Book Review: ‘Oblivion’s Gate’ by David Mack

December 14, 2021 at 7:10 am | Posted in Books, Reviews, Sci-Fi, Star Trek | Leave a comment
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Star Trek: Coda: Oblivion’s Gate is the third and final novel in the Coda trilogy, which was written by David Mack and was released in November of 2021. 

Twenty years of Star Trek literature has led to this. Titan, DS9, Voyager, Aventine, Next Generation, Mirror Universe, Section 31, and more have contributed to what we have known as the Lit-Verse or Post-Nemesis line of Star Trek novels. We all knew it was coming to an end in this trilogy, and thus knew to gird our feelings…

…but did we know it would feel like this?

In this book, David Mack summons the thunder and brings down the curtain on the Coda trilogy and the Lit-Verse as a whole. This book has everything from small, intimate character moments to huge battles. David Mack asks the most important and pressing questions in this book, about sacrifice and love, about duty and honor, and about time itself. 

It was so good to get one final book with all of our favorite characters. As I read this book, I remembered just how much Julian Bashir and Worf have gone through in the books. Boy have they gone through the ringer. I felt bad for all the characters, but I most pitied them. 

I don’t think anyone is ready for exactly what happens in this book. Some of the action is predictable, and some of it was TOTALLY unexpected.

I will say, I am conflicted by the ending. I totally understand why Mack took this approach, and I think he succeeded in some ways and failed at others. I think some people will be satisfied, and others will not be. I simply feel that it is what it is. I cannot complain, but I won’t praise it. I will simply say I would have handled this MUCH differently.

On a lighter note, I laughed out loud at many moments throughout the book. There was one “Shut up Wesley” that had me guffawing. There was also a very small reference to my favorite stand alone Star Trek novel, Takedown, that made me absolutely giddy when I read it. There are many other moments sure to make Star Trek book nerds giggle with delight.

I have to say, this is the “David Mackiest” of David Mack books. “The death toll is catastrophic ” utterly fails to describe the absolute carnage that Mack wreaks into this book. There was one scene where my jaw dropped open at how fast it occured and I was like “Well, I guess there goes ____”.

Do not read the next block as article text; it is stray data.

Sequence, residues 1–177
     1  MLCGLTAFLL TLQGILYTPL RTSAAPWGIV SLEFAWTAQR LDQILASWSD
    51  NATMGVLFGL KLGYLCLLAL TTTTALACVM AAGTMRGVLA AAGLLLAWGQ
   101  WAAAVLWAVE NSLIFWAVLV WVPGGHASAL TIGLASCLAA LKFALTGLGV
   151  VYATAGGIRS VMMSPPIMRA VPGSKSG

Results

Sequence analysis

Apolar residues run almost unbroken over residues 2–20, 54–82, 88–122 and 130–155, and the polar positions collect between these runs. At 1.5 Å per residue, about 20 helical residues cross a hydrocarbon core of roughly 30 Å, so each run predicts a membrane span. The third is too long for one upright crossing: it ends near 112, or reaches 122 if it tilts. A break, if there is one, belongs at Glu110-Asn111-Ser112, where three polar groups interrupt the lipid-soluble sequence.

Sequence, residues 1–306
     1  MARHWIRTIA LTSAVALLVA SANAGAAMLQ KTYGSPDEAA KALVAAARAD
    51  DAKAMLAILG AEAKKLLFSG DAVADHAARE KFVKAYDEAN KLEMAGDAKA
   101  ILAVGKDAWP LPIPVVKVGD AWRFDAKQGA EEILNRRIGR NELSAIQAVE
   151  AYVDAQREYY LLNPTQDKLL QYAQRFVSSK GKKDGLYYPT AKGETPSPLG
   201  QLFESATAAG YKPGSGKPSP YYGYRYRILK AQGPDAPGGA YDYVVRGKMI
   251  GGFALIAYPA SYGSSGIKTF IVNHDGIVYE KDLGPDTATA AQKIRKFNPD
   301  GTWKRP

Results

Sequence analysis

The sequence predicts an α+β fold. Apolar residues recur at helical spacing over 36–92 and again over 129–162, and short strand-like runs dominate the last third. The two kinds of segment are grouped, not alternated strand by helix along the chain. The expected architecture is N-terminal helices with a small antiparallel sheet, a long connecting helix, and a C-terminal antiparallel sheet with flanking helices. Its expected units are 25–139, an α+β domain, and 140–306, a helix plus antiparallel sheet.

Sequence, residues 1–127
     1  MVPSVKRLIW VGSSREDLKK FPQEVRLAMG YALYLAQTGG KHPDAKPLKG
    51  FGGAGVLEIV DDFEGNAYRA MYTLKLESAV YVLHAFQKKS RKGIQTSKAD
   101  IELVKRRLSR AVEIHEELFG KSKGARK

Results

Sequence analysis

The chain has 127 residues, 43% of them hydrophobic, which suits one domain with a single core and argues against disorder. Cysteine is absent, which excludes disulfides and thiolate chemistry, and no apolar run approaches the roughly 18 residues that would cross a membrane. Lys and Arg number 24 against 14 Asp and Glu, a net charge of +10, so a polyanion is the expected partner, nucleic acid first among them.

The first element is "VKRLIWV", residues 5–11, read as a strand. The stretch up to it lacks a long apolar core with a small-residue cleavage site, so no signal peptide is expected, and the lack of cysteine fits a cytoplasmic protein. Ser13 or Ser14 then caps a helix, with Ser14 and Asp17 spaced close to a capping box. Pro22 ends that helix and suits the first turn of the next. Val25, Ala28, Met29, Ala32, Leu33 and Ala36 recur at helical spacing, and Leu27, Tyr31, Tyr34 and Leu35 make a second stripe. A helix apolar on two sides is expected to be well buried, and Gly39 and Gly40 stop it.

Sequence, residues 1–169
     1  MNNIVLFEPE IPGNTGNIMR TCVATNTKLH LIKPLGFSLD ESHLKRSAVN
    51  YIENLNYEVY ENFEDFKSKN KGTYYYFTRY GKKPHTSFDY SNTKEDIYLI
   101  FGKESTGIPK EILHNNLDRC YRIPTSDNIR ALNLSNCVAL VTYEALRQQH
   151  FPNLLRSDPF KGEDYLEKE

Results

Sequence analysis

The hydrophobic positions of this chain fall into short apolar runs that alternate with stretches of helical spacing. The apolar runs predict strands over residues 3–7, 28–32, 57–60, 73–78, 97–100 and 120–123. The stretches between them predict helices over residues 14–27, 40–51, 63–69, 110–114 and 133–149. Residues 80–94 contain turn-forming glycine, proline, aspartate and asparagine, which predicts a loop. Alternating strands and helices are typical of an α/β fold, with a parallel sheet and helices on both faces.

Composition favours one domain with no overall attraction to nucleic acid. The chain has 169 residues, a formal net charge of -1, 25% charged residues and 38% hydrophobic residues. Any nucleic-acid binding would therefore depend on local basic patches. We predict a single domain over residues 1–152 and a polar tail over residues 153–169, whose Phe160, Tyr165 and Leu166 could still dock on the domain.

I am still disappointed that they chose to exclude Voyager, but knowing that that decision was made at the behest of Kirsten Beyer makes me feel a little bit better, but the big three should be DS9, Next Gen, and Voyager (as they were the three 24th century shows). Unfortunately, with this book and with a retrospective on the Trek-lit as a whole, it is obvious that Voyager is simply a footnote in lit history, and that the big three are Next Gen, DS9, and Titan, with special mention of Aventine as well. 

This book did remind me in a lot of ways of Rogue One: A Star Wars Story, and there were some particular scenes at the end which gave me this impression. In an interview I read by David Mack, he explains that Rogue One was an inspiration, and that makes me happy as it truly was a great movie and those moments worked best in the book. 

Overall, I still feel odd about how I feel about this book. I think that I personally LOVED “The Ashes of Tomorrow” and really enjoyed “Moments Asunder”. I have to put this into the category of “really enjoyed”, but didn’t particularly love this book. That is partially because I prefer James Swallow’s writing style to Mack’s, but also because Mack made some tough decisions in this book, some of which I liked, and others I didn’t. But regardless, this is THE finale of the Trek-Lit universe, and the fact that the authors of all three books put their heart and soul into making it this epic is worthy of recognition. Anyway, I give Oblivion’s Gate a four out of five! Good job David Mack.

To the Trek-Lit Universe, the last 20 years have been amazing. Here is to the next 20 years of Star Trek publishing. “You have been, and always shall be, my friend.”

Reviewed By: Jonathan Koan for Roqoo Depot.

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